UChicago Blog Surveys Community on Treasure Island Replacement

The over 3,400 survey respondents ranked the produce department of a future grocer tenant as its most important attributes.


By Kiera Yu

Since Treasure Island Foods closed its Hyde Park location this past October, the University’s Office of Civic Engagement (OCE) and Real Estate Operations (REO) team have been meeting with several grocery store operators in search of a new tenant for the University-owned property.

Earlier this month, the 53rd Street Blog posted a survey asking for the preferences of local residents regarding the replacement of the Treasure Island grocery store in the Hyde Park Shopping Center. The blog is run by Amy Srodon, marketing communications manager for the University. The survey’s results were shared publicly online last week.

More than 3,400 people completed the community input survey. Over 95 percent of the participants live in Hyde Park or the surrounding areas, and over 50 percent also work in the neighborhood. Almost half of the respondents answered that they had shopped at Treasure Island for over 7 years.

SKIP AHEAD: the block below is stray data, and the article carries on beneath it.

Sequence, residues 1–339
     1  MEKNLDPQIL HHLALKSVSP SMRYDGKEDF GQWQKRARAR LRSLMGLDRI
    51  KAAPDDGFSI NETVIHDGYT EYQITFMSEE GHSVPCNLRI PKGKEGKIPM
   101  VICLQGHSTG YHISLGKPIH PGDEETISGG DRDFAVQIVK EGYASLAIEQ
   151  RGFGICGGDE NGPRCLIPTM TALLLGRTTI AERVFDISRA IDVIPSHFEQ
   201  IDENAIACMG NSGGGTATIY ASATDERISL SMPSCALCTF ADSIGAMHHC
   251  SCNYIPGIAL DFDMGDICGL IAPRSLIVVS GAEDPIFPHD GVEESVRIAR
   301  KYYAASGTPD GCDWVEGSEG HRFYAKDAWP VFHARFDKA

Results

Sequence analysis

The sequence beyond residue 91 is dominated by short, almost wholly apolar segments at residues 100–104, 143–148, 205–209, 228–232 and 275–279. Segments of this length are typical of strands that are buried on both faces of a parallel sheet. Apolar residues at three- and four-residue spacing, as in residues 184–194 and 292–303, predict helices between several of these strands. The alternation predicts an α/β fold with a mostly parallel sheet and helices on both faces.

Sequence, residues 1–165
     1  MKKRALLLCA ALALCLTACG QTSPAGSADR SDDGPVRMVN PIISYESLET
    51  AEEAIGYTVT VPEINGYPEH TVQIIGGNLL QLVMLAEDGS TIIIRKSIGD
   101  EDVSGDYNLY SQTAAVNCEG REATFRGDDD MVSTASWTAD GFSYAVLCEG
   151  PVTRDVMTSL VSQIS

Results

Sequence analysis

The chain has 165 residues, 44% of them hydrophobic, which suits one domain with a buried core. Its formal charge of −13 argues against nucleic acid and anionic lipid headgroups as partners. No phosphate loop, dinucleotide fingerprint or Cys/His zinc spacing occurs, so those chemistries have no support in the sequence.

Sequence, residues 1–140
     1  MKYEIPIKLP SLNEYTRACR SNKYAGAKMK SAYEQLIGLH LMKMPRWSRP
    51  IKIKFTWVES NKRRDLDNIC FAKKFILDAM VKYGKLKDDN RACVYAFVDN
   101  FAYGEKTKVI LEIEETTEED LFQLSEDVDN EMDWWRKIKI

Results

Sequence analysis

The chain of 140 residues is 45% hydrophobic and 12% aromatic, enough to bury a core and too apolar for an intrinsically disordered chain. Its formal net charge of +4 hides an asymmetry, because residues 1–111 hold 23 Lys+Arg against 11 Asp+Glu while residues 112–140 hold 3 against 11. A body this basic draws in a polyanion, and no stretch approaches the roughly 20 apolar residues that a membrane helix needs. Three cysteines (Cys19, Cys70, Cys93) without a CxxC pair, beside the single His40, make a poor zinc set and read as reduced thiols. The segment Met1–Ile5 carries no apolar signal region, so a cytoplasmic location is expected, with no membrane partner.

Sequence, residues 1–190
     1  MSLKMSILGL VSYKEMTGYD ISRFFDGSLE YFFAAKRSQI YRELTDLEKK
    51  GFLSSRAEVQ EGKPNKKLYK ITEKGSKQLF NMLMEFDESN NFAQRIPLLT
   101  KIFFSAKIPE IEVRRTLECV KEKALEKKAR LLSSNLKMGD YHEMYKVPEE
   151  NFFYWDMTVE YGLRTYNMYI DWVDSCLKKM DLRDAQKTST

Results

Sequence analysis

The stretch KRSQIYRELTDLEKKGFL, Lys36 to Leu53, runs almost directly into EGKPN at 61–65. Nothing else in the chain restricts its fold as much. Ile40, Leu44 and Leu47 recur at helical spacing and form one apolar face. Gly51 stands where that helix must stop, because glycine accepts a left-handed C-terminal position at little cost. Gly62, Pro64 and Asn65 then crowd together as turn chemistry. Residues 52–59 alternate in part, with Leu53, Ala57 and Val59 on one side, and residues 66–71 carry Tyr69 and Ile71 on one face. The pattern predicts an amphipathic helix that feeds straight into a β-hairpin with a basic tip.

The survey also identified Treasure Island’s proximity to home or work for customers as its greatest attraction. Local residents said they have been forced to seek alternative sources for produce and many are shopping at Whole Foods, Walgreens, and Hyde Park Produce, while some are going outside of the neighborhood.

According to the survey, residents ranked the produce department of a future grocer tenant as the most important attribute, followed by the price and value of the goods.

Srodon’s follow-up post on the 53rd Street Blog states that the University is reaching out to all the grocery operators participants mentioned in the survey. These potential grocery operators will be conducting “independent analysis to understand if the specific space and the overall market meets their development and operating criteria.”

No date was given for when communications will conclude and when the next phase of replacement will commence. “Because the lease term with a new tenant will be a minimum of 10 years, there is a great deal of due diligence on both the part of the tenant and the landlord that must be completed,” the post reads.

When asked to elaborate upon the timeline and plans for replacing Treasure Island, University of Chicago Director of Public Affairs Marielle Sainvilus referred back to the blog post.

“We are grateful for the input from everyone who participated in this survey,” Sainvilus said. “Talks with potential commercial tenants typically are confidential. As the blog post noted, there is a great deal of due diligence on the part of potential tenants as well as the landlord that must be completed. The potential operators are all working on their own timelines, as expeditiously as possible.”